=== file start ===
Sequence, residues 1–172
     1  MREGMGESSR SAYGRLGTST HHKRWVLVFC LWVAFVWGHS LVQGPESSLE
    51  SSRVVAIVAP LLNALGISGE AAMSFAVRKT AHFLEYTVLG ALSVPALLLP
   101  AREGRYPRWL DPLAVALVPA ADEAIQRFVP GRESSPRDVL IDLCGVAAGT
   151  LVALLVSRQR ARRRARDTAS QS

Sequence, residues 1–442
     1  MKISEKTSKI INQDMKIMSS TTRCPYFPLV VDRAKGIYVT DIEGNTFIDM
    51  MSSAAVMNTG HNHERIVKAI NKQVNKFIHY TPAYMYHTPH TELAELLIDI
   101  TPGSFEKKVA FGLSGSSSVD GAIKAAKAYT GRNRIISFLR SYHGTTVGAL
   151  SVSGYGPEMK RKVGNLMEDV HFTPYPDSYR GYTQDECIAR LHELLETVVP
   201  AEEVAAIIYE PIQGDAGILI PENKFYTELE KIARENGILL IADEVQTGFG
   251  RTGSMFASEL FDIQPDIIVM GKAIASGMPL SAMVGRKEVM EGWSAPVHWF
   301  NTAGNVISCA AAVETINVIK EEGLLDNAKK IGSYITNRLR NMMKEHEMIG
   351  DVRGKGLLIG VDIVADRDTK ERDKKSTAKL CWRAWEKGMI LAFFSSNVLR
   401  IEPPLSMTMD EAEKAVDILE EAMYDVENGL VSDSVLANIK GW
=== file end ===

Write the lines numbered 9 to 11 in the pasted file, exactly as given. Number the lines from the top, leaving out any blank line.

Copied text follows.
   101  TPGSFEKKVA FGLSGSSSVD GAIKAAKAYT GRNRIISFLR SYHGTTVGAL
   151  SVSGYGPEMK RKVGNLMEDV HFTPYPDSYR GYTQDECIAR LHELLETVVP
   201  AEEVAAIIYE PIQGDAGILI PENKFYTELE KIARENGILL IADEVQTGFG